This is a quick and easy recipe that can be used as a marinade, dipping sauce, or as topping to grilled fish or poultry. I even use it as a flavoring in rice. If you are using the sauce for dipping after it’s been used as a marinade, for safety’s sake it must be simmered for 15 to 20 minutes before serving.
Roasting the chicken along with the stuffing makes for an easy dinner. To complete the meal, cut zucchinis lengthwise and brush them with chile oil. Grill during the last 15 to 20 minutes of cooking, remove and sprinkle with grated Parmesan cheese.
A table condiment similar to ketchup--but much more pungent--sriracha sauce is named after a seaside town in Thailand. Increasingly popular, this sauce is found on the tables of Thai and Vietnamese restaurants all over North America. Fresh red chiles are the key to the flavor of this recipe.
This is the classic enchilada dish served at the early 1960s Albuquerque restaurant, Videz, owned by Pete Benavidez. The restaurant was torn down to make way for Interstate 40, but the recipe lives on. From the article Albuquerque's Food History is All About Chiles.
This intriguing dish violates at least two laws Americans have concerning steak: never season it heavily and never fry it in a pan. But since the taste of this steak is so remarkable, we'll forget the rules. Three varieties of pepper are recommended, but it works just fine using only coarsely crushed black peppercorns. Varying the hot sauce used can produce peppered steaks with intriguingly different flavors. Also, experiment by using brown, red, or rose peppercorns.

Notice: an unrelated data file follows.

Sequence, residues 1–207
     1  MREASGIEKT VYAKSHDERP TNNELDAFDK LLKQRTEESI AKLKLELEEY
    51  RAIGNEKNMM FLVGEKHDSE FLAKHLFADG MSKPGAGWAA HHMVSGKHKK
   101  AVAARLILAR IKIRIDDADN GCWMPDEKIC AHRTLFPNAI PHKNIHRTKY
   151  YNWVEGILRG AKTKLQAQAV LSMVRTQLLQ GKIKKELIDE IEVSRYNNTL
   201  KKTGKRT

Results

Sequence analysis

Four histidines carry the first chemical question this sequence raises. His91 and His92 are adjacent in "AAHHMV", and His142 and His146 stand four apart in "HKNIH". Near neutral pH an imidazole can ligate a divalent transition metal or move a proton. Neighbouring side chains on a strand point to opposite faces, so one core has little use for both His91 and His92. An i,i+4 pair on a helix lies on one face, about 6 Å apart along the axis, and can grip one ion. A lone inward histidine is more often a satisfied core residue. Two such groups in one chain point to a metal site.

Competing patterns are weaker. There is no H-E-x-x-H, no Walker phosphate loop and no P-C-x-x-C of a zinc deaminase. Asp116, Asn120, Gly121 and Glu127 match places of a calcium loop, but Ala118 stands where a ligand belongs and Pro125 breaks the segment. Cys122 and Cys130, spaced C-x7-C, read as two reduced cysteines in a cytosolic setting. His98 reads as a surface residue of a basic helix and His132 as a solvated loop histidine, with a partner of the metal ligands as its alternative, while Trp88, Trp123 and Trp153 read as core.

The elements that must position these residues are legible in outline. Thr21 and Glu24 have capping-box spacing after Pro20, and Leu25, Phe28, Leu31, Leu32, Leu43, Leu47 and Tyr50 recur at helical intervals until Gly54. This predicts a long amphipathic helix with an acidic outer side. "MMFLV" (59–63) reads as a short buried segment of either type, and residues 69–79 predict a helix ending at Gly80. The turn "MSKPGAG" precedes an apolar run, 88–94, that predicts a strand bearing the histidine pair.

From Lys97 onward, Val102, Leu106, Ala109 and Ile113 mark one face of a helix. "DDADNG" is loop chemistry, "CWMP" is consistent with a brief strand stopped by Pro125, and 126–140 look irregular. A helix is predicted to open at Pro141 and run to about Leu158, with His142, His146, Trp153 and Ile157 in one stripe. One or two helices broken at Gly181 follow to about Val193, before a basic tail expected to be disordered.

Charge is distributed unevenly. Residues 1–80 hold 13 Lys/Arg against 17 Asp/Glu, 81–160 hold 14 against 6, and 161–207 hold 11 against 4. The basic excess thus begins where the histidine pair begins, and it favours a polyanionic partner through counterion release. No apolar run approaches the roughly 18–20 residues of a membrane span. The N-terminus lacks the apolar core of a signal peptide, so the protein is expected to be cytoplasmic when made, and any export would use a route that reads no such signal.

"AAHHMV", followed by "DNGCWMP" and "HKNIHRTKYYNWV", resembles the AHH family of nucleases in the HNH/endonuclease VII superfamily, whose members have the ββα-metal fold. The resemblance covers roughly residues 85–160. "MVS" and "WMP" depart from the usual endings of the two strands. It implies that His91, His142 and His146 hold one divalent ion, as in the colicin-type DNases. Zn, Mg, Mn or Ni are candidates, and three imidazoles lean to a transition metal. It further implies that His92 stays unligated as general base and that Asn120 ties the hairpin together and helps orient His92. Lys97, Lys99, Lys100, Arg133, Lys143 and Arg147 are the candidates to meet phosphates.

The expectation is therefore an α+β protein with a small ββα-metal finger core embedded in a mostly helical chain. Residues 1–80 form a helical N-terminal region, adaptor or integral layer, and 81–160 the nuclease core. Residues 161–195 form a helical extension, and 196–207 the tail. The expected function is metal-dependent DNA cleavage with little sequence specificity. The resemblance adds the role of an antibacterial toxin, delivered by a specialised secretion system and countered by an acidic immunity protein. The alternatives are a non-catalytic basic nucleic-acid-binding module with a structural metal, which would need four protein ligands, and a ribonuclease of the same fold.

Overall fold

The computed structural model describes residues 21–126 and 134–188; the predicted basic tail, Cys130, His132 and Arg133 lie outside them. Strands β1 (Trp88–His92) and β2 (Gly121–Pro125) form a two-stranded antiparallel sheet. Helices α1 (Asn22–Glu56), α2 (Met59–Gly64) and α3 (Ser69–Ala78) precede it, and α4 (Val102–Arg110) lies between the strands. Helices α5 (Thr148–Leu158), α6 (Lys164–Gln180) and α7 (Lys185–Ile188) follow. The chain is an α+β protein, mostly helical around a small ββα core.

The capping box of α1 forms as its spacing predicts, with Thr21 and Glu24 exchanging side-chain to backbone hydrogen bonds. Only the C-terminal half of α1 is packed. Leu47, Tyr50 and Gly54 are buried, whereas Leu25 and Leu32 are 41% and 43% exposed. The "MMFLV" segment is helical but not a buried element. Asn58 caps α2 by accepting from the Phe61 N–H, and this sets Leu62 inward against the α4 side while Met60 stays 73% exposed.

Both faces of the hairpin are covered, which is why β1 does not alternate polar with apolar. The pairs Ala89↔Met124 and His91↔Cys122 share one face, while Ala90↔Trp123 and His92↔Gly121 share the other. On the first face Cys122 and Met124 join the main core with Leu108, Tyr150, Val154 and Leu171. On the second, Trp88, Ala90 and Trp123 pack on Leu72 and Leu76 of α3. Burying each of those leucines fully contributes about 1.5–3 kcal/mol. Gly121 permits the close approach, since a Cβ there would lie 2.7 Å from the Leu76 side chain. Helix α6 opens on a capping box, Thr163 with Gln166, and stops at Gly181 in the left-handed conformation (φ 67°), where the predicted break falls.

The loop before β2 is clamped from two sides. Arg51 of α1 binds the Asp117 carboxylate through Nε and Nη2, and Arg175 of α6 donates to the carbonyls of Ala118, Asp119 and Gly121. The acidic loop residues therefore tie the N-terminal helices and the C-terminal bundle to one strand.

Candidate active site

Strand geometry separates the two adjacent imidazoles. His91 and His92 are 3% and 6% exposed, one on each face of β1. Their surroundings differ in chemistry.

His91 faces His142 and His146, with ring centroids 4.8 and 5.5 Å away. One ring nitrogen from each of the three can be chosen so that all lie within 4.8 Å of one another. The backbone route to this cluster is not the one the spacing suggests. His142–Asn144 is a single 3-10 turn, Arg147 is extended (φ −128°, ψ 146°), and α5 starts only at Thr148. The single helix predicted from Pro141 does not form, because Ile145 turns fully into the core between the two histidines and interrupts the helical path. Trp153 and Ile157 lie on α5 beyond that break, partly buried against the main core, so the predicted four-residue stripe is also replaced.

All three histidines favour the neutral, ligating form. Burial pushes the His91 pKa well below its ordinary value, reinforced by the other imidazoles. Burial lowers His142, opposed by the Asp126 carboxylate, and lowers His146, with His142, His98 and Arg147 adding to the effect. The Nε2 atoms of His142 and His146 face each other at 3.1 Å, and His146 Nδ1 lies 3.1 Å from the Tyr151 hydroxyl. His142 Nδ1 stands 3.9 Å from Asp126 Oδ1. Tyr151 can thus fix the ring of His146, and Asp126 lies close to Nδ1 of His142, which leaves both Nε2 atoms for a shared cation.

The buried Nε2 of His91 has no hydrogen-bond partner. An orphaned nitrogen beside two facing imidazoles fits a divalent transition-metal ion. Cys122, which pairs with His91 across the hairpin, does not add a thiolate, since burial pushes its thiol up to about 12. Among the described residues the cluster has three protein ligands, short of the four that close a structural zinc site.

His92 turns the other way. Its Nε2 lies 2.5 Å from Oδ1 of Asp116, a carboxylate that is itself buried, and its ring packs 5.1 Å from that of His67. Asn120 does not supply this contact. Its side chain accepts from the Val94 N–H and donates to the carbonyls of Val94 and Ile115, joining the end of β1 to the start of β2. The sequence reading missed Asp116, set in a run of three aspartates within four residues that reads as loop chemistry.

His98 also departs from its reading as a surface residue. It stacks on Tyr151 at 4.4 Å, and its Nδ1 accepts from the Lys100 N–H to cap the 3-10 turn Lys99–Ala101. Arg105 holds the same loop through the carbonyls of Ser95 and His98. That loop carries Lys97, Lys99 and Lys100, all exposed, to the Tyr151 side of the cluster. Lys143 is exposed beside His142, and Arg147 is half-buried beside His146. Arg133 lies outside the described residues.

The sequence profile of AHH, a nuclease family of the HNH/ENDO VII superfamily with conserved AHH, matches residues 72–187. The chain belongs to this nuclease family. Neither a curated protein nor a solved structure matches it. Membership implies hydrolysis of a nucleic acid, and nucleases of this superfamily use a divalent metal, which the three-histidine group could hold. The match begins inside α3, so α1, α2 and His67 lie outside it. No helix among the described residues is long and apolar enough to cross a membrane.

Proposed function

This intriguing dish violates at least two laws Americans have concerning steak: never season it heavily and never fry it in a pan. But since the taste of this steak is so remarkable, we'll forget the rules.
Albuquerque-area resident and vegetarian cookbook author Nanette Blanchard has self-published a booklet of her favorite southwestern plant-based recipes. Fiesta Vegan: 30 Delicious Recipes from New Mexico contains her take on traditional recipes such as Posole, Calabacitas, Sangria, and Capirotada. Each of the recipes includes a color photo and a nutritional analysis. Fiesta Vegan also offers a list of online sources for specialty ingredients and recommendations for New Mexico stops for food-lovers. The 40 page booklet is available either in print or as a .PDF download. You can also find a Kindle version without photos; information on all the booklet versions is on her web site here. Blanchard also maintains a food blog, Cooking in Color.
If you can’t find prepared tostada shells you can simply serve this recipe on top of your favorite brand of tortilla chips. The Spicy Chile Sauce is also a great accompaniment to your favorite scrambled tofu recipe.